Researchers have long known about grapevine leafroll disease, which has been present in California vineyards since early last century. But until the 1990s, field spread of leafroll was not a problem, and the disease could be controlled by planting virus tested, certified stock. It is not a coincidence that problems arose at the same time as when growers lost AXR rootstock due to phylloxera, and new detection technology was developed, says Deborah Golino, the director of Foundation Plant Services at the University of California-Davis. But in recent years the problem has become much worse, and Golino fears it may explode.
“I think this is going to be a really huge problem,” says Golino.
To understand why Golino thinks the disease may become such a scourge, it’s best to go back to the fall of 2002, when she and Napa County farm adviser Ed Weber were doing field work in Napa County. (Weber died on the last day of 2007, and a publication documenting this research has been dedicated to his memory.) The two were contacted by a viticulturist, who showed them a vineyard in the Oakville area which showed symptoms of the virus. Golino and Weber embarked on a five-year mapping study, which became the first documented spread of leafroll disease in the U.S.
In 2002, mapping showed that leafroll symptoms were present in 23% of the vines in the 7.2-acre vineyard. It spread rapidly through the years. By 2004, 46% of the vines suffered from leafroll disease. By that time, says Golino, the fruit from the healthy and diseased vines differed so greatly in fruit quality and ripening patterns that the vineyard had to be harvested twice, once for the high-quality healthy fruit, and once for the fruit from the virus-infected vines.
“Research shows that most leafroll isolates not only affect yield (by up to 40%), but reduce pigmentation and slow the production of sugar,” she says. “The fruit becomes flavorless, with poor sugar and color.”
The fruit from the diseased vines fell below standard, and could not be bottled as a more expensive reserve wine that the vineyard traditionally produced. Golino does not know how much the disease has cost the grower, but says that to this day the vineyard has to be picked twice. The grower is now faced with replanting the block, which is only 15 years old, as more than two-thirds of the vines exhibit symptoms of the disease.
The disease spread so quickly in the Napa vineyard that Golino believes something fundamental changed in the vineyard environment. Weber’s theory was that grape cuttings were smuggled into the state, bypassing quarantine, and that the cuttings carried a transmittable form of the virus that was new to California. Golino concurs with her late colleague’s theory, noting that several recent problems could be traced to smuggling, including plum pox in the Eastern U.S. and the vine mealybug, which was brought to California’s Coachella Valley on table grape cuttings from Israel. “One of the biggest threats to agriculture in the U.S. is the importation of exotic pests and diseases,” she says.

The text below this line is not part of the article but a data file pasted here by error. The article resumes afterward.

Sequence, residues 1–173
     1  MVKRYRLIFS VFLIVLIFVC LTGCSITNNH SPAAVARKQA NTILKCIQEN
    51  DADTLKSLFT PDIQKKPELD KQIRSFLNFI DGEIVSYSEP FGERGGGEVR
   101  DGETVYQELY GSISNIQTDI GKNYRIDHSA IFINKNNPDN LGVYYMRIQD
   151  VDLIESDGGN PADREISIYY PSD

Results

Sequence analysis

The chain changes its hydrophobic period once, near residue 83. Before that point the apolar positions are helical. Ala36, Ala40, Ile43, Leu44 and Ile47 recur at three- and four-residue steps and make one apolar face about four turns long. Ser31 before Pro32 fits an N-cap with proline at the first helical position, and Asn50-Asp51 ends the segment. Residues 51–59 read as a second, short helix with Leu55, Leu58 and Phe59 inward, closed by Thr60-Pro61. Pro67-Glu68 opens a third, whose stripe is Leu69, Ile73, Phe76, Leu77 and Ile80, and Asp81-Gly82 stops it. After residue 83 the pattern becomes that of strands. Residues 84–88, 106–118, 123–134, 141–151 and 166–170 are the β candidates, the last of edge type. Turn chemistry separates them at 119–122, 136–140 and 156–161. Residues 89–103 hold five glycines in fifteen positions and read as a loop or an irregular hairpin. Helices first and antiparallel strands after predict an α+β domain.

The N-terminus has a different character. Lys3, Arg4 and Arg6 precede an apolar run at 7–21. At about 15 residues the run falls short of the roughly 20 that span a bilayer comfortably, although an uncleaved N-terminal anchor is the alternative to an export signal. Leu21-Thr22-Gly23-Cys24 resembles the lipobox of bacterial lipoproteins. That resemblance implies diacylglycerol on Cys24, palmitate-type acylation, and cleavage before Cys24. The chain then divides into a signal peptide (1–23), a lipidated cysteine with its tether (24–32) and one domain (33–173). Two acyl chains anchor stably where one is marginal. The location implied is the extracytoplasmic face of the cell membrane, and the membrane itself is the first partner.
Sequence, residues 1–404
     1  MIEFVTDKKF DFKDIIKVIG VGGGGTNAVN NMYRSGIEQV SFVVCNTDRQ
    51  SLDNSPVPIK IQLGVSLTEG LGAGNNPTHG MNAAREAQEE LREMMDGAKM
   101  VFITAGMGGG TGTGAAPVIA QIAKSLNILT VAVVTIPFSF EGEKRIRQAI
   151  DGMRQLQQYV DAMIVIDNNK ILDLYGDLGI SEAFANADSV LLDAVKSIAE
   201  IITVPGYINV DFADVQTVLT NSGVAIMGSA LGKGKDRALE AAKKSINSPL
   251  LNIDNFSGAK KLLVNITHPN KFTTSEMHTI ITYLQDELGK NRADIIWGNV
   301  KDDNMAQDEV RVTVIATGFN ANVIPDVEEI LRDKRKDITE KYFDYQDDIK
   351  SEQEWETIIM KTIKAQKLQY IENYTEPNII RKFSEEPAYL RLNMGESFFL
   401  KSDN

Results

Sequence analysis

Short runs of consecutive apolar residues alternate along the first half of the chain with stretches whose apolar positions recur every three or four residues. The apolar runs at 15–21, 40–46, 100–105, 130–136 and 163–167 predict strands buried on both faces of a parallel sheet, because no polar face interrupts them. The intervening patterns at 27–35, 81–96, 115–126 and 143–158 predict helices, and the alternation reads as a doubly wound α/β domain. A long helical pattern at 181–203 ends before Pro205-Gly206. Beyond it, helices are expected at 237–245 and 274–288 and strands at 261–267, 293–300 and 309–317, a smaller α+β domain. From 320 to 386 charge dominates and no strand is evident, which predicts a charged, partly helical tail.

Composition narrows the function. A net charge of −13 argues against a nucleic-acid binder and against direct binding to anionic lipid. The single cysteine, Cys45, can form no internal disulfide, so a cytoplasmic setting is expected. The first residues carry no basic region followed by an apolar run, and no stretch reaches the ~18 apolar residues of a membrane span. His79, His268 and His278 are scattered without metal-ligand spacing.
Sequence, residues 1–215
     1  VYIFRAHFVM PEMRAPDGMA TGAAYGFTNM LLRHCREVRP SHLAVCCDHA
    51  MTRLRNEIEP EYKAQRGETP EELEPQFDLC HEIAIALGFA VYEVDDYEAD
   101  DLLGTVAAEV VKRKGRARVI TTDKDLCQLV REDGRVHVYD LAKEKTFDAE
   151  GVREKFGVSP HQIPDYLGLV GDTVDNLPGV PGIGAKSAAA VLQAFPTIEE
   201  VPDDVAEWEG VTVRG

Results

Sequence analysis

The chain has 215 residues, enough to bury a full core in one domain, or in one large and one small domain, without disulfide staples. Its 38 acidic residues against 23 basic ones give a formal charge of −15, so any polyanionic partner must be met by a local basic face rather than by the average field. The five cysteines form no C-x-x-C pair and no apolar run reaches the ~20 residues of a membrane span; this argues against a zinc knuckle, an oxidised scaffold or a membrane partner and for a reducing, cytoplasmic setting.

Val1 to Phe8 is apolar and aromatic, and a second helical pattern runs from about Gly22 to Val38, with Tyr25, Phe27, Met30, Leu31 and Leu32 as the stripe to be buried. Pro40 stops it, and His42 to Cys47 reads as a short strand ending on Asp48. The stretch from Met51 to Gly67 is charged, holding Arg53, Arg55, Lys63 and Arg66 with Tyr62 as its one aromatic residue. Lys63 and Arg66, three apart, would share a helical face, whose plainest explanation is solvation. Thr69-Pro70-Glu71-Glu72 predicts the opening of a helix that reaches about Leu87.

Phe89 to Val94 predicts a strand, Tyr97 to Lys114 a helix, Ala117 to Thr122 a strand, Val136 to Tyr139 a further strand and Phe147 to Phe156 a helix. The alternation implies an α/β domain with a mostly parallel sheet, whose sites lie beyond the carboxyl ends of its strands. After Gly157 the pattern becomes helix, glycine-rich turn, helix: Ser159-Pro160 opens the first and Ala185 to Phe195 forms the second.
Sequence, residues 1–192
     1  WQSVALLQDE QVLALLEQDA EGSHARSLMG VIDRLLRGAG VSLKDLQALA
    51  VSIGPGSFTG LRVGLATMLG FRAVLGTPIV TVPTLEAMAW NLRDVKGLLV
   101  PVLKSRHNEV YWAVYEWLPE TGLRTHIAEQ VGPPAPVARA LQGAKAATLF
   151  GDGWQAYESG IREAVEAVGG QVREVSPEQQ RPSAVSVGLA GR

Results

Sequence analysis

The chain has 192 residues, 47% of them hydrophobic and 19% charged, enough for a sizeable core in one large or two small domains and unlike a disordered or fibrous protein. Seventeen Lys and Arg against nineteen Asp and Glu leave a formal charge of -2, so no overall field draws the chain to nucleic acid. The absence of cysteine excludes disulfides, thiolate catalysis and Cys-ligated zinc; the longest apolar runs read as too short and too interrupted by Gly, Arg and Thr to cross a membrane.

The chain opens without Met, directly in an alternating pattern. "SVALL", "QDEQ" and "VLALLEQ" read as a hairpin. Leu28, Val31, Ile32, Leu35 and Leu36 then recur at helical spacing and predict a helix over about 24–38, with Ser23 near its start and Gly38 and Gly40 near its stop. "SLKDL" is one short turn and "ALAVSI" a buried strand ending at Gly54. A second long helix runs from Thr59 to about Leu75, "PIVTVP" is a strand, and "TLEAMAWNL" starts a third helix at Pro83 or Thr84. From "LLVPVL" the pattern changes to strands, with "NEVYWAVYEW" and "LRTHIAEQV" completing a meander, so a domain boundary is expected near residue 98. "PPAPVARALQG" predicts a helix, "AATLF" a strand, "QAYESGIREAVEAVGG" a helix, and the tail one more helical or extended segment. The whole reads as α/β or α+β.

As with some other diseases, leafroll disease somewhat resembles a nutritional deficiency. Besides leafrolling, there is stunting, reduced vigor, etc. It’s more difficult to identify on white grape varieties, says Golino, because loss of color isn’t as apparent. It’s difficult to characterize in any case because the many strains of the virus differ in their effects, and different rootstocks and scions aren’t affected the same. Because of that, she cautions growers not to trust their eyes. They should either contact their local farm adviser or consultant or have the vines tested.
“Visual diagnosis can be tricky,” she says. “A laboratory diagnosis is needed, and even that can be difficult to do.”
Unfortunately, a confirmation of the disease doesn’t leave a grower with too many choices, says Golino. “Unlike a fungal or bacterial disease, there’s no treatment for a viral disease,” she says. “Once they’re infected, they stay infected.”
The only answer for growers lies in replanting, which means it’s crucial to make sure that only certified rootstock is used. If a grower uses his own scion wood, says Golino, that wood must be thoroughly tested to make sure the disease isn’t present. In addition, if a grower does replant, she recommends that the entire area be replanted, not just certain spots. She noted that one grower replanted with a new Cabernet Sauvignon block, but left about a dozen old Zinfandel vines with which he felt a sentimental attachment. That large Cabernet block, which had been certified clean, was soon infected.
That example points out how difficult it is going to be for growers to protect their vineyards, says Golino. Because the disease can spread so easily, it’s going to be critical for growers to keep an eye on neighboring vineyards.
“Make sure you have good neighbors,” she says with a rueful chuckle. “Things have changed, and growers will have to pay more attention.”